It’s gotten better. I’m better. There are still days when I get random mini-panic attacks – mini, because I’m still able to function for the most part, although this ‘functioning’ mainly involves walking around like a zombie and eating for the sake of – but I’m so much better. Being able to go out, I think, after six months of staying at home and only getting sun through glass-walled windows, helps. When I feel powerless, I grab a cup of coffee. When I feel panicky, I go for a walk. I still have unbelievably low limits, most of which I’ve imposed on myself, but I’m freer. I feel freer. That’s what counts, right?
I moved back to a city I lived in for eight or so years. It’s still unchanged. The traffic still sucks, the skies are still polluted, but everywhere, everywhere, the buzz of life is the same. You don’t get the same chaos – utter chaos – anywhere else in the world. I was walking by the side of the road earlier today – and the literal side of the road it was, too – when I looked up and two feet next to me towered this huge bus. All the passengers, some of them hanging out of the wide-open doors, were staring back at me just as I was staring back at them. You don’t get that anywhere else but Metro Manila.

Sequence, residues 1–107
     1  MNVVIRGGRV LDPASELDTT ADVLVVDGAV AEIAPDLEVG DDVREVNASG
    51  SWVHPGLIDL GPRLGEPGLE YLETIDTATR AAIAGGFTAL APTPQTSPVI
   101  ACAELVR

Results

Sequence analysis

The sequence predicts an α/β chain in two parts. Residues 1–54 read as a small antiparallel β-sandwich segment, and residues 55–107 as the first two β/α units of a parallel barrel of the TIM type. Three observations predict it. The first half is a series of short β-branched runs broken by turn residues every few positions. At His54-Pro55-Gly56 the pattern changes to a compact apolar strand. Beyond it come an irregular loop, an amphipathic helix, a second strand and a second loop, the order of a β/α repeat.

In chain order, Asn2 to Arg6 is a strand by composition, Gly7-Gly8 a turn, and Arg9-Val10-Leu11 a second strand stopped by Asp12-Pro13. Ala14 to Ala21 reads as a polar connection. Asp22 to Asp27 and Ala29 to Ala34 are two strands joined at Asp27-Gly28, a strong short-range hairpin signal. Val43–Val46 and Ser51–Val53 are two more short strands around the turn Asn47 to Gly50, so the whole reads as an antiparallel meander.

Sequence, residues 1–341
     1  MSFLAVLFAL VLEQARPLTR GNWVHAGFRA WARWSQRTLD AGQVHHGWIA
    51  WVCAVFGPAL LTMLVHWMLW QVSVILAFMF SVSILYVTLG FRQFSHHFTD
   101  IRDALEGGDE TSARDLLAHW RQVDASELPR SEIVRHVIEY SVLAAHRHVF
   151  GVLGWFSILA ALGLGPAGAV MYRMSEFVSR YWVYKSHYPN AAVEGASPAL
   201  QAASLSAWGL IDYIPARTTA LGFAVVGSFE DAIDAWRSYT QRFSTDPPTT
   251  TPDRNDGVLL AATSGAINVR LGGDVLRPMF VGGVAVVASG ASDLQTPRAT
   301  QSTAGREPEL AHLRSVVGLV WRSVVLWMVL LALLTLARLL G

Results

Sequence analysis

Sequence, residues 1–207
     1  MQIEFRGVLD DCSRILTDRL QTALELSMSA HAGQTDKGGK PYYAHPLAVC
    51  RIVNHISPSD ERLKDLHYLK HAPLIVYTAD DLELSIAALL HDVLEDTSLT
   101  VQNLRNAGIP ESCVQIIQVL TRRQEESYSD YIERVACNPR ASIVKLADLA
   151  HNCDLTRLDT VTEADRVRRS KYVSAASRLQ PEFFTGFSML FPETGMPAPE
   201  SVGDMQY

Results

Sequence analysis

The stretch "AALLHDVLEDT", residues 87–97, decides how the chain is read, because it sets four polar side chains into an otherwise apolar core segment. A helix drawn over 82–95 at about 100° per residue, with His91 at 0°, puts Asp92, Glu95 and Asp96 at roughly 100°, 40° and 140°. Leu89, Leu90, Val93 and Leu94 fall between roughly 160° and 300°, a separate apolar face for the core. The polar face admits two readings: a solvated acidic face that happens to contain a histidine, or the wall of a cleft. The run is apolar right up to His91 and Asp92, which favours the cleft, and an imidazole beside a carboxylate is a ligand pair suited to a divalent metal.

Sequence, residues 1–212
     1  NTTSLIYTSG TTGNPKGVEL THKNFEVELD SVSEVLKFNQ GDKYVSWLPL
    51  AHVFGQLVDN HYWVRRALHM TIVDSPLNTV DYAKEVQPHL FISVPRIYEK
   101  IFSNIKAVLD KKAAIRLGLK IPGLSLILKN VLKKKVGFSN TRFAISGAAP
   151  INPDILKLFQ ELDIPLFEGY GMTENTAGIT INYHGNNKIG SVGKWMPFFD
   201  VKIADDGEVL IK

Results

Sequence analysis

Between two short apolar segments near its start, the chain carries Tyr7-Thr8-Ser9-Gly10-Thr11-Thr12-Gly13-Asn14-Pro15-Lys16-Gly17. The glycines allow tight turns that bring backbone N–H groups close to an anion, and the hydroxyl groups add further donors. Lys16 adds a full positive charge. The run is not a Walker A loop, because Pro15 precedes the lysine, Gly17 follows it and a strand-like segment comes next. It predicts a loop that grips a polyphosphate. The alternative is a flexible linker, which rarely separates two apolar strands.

Or maybe you do. Maybe I’m just biased, maybe I only think this because to me this place feels like home. It’s alive, it’s exciting – it’s not cold, and it’s not regimented. D told me last week that you only know where home is when you leave that place, and you realize that nowhere else compares. To me that is Metro Manila. Witness to so many tears, so many fears, and so many frustrations that I hope I’ll be able to genuinely laugh at one day.